ACA promises a cure that is worse than the illness
To the editor:
I must respond to the letter from Mr. Weygand, printed in the Oct. 17 issue.
Weygand makes a number of health related assertions based on his “research” from the CIA: The World Factbook. He cites faulty econometrics of which I will explain. Once again, the devil is in the details, of which Weygand either doesn’t know or care to admit.
The source for the data listed in the CIA report, is the Organization of Economic Co-Operation & Development (OECD). The rank order listings he cites is unverified data supplied to the OECD by member nations. Weygand cites Infant Mortality (IM) and says that the 49th ranking for the U.S. indicates “we pay more and get less.” The truth is that the U.S. reports non-viable births, as a live birth, even after the baby dies. The majority of the world treats this category as “stillborn” and not reported as a live birth. This skews our ranking much lower. A study of Philadelphia births concluded that this methodology raises our IM up to 40 percent (Eric Gibson-”Effects of Non-Viable Births on IM”). Doctors in the U.S. go to great lengths to save prenatal and neonatal babies (<28 days) even though some die. The number of neonatal intensive care units in the U.S. is unrivaled and increases our overall health care costs.
Further, teenage birth rates greatly effects IM and is 1.5 to 3.5 times greater than mothers giving birth in their mid-20s. The U.S. teenage birth rate is 2.8 times greater than Canada and 7 times greater than Japan and Sweden (Korbin Liu-”International IM Rankings-Behind the Numbers”).
Weygand cites the U.S. as 50th in Life Expectancy (LE). The CIA report, using the OECD data incorporates IM into their rank order formula. The low U.S. IM ranking thus becomes a major factor in the low LE ranking. However calculating LE at a later age raises the US ranking dramatically (AEI: US Healthcare, a Reality Check on Cross-Country Comparisons, 7-11-12).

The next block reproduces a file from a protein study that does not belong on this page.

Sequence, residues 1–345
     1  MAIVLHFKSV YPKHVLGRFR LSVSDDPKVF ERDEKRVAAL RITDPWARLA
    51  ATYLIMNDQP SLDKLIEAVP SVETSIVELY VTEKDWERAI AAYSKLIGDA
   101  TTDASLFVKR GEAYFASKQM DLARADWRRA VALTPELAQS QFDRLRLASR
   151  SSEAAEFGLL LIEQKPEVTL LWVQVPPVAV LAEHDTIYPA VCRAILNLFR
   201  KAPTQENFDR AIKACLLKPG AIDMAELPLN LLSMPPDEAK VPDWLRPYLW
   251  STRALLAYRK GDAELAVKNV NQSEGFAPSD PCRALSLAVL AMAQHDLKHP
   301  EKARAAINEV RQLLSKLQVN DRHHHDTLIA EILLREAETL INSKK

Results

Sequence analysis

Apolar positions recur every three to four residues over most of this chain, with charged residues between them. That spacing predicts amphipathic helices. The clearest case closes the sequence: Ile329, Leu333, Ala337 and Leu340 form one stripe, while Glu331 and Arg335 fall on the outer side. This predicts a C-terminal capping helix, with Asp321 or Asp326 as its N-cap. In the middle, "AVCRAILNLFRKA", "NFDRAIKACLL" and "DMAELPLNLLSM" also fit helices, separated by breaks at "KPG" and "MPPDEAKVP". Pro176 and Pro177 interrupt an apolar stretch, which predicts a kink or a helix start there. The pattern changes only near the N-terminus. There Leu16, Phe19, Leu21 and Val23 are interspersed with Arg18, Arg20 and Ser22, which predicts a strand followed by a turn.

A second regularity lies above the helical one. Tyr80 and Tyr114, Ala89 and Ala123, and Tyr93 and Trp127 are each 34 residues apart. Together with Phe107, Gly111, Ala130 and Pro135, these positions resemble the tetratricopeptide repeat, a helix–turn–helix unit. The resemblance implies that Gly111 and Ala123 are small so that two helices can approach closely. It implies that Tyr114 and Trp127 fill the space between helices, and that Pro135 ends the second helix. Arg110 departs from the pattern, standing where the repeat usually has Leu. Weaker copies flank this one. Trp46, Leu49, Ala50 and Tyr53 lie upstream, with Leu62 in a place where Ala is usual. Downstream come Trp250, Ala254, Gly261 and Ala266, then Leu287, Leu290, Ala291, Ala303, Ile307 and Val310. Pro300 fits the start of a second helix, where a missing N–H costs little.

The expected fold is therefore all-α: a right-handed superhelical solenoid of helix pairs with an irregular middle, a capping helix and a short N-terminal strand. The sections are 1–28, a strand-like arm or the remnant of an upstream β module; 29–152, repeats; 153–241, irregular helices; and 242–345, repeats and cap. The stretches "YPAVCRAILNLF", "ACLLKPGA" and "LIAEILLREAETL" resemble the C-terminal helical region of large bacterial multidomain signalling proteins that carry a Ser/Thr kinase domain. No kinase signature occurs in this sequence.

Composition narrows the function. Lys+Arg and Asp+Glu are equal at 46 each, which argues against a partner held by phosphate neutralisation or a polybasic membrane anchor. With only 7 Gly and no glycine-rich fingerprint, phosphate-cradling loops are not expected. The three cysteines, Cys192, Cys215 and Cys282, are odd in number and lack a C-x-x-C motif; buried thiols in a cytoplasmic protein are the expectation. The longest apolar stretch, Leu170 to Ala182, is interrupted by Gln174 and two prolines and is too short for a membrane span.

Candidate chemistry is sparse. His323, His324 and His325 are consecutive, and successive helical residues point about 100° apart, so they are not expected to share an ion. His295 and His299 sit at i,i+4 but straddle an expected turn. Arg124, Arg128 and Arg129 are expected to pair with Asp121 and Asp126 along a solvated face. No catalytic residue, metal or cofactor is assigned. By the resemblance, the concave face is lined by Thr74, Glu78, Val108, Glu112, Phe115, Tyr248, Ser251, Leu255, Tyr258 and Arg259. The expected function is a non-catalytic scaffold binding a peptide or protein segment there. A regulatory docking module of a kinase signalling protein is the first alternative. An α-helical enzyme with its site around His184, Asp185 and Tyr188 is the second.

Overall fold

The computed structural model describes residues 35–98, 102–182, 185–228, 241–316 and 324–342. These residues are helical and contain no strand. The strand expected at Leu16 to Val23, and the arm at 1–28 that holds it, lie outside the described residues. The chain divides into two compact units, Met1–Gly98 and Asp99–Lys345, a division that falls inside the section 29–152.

While the U.S. has the highest per capita health care cost, this is not the entire picture. Our medical costs are the result of market forces plus government mandates. The vast majority of the world has “state controlled” health care. They set a “fee schedule” and lower payouts if they get close to the budgeted allocations. Delays and shortages are typically experienced. If our health care delivery is so bad, why did over 46,000 Canadians come here in 2011 for care? (Fraser Inst. 7/11)
Simply reporting “rank order” is NOT a valid measure, as other factors are ignored.
Medical insurance was meant to be catastrophic coverage. What we have now is first dollar coverage which is prepaid medical. You don’t file a claim on your auto insurance when you get your oil changed do you? Then why do we insist that a physical exam be charged against your health care insurance?
It is apparent that Weygand delights in his “study,” thus making the case for the ACA.
Being critical of conservative Republicans, he ignores the fact that they brought meaningful proposals to the insurance debate. Tort reform, interstate competition, tax free HSA’s and the ability to personalize your plan goes back to the presidential debates. However, elections matter and we are cursed with the current “fix.” No doubt we will see daily reports as to the inefficiencies of this federal debacle. I maintain that the ACA will morph into “single payer” coverage – Democrat euphoria.
I believe we are on a path in which the “cure” is worse than the “illness.”